Were there any poems you thought you simply couldn’t include?[Text Wrapping Break] 

Sometimes writers feel embarrassed to include early poems in later collections because they’ve grown so much in their craft since those earlier poems were written. I didn’t actually feel that way, I think my early poems are as good, maybe better, craft-wise, expression-wise, than my current writing!  But I did feel a bit of a cringe rereading some of the work, thinking that I have certainly grown in maturity and overview and I think kindness since my early work.  At the same time, I wanted to honour who I was then and how I got from there to here in the most generous and perceptive way possible. Sarah and I agreed that we couldn’t include all the poems we still like a lot in the oeuvre, so there are many more good poems in the books being cited in this one!  So hopefully this Selected will inspire readers to go seek out the previous collections as well.      

We live in a virtual world now. But some of us, born in the 20th century, remember a time 30 years ago when virtual reality was ushered in as the future. How do you view the tech boom with the ever-changing landscape of Canadian poetry? 

Well, it’s exciting, of course, to be living in a time with so much change.  Also bewildering at times.  For a person like me who experienced the transition from traditional orality to text culture, the shift to digital feels both familiar and strange. My peasant farming parents would warn us about the dangers of reading books and getting distracted away from the immediate real world into made-up fictions of places and times far away.  Now parents and teachers warn the children – and each other – about getting distracted into the endless rabbit holes of the internet.  And reading books is often construed as somehow virtuous. 

The thing about poetry is that it predates the printing press by millennia. We can imagine it’s the original human language.  If you look at the way little children come into speech, you can see how they begin with rhythm, sound, babble, rhyme, and all kinds of silly wordplay that is the envy and wonder of grown-up poets everywhere!  The novel was born only a few centuries ago, with the advent of the printing press, and more or less depends on print and text culture to flourish.  Poetry can easily exist orally, textually and also digitally.  It’s a quantum language that operates in so many dimensions at once. It can be deep, silly, fantastical, realist, long, short, childlike or epic, it can be satirical, funny, philosophical, dreamy, spiritual, irreverent, and filled with innuendo, sometimes all at the same time. It can be written down, performed, recited, and mixed with other media. It can be experienced alone, in a small group, in a huge crowd, on paper, on a screen, or “by heart,” as we used to say. We don’t have to worry about it ever going out of style.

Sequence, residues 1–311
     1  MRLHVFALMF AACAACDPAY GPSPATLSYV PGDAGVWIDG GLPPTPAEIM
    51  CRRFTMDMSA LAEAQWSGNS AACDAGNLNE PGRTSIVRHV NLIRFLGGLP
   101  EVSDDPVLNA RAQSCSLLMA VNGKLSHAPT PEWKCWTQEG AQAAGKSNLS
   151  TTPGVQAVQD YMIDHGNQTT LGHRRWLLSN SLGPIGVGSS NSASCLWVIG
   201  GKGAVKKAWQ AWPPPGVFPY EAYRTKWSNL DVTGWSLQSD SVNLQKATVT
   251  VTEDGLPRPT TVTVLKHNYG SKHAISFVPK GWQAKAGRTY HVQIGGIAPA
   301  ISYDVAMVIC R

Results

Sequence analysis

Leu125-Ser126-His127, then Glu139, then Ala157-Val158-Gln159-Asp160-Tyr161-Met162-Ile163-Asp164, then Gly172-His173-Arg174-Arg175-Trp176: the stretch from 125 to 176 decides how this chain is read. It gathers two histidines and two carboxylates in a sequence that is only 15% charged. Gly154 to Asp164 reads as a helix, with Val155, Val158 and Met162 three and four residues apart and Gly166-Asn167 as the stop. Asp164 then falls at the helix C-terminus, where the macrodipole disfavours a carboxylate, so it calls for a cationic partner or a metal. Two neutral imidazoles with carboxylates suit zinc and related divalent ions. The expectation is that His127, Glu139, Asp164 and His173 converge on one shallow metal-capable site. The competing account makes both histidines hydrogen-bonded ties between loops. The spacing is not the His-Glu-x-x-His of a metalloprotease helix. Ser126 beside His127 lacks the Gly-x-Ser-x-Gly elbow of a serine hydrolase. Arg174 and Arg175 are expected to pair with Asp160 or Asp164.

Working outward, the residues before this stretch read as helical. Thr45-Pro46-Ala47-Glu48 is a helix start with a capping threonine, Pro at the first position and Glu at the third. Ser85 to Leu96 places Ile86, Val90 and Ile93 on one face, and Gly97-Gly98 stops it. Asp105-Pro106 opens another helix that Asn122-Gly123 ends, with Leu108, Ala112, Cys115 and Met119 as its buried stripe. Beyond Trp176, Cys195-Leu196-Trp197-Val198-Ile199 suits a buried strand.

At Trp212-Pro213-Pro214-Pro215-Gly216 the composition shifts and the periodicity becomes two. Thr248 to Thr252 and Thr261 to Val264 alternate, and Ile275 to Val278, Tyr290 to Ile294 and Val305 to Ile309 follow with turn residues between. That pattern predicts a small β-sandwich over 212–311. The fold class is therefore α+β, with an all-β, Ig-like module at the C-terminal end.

It’s of course interesting, worrisome and curious that the literary market as we’ve developed it in Canada is becoming more difficult to sustain at a time when literary production as such has become super easy compared to how it used to be.  Our understanding of what a literary text is, and what it’s for, is also in a radical shift at this time.  Again, that’s both exciting and a great creative possibility for new envisioning, and inventing, and also worrisome, especially for those of us who’ve been in the business for a while and have known it in a particular way.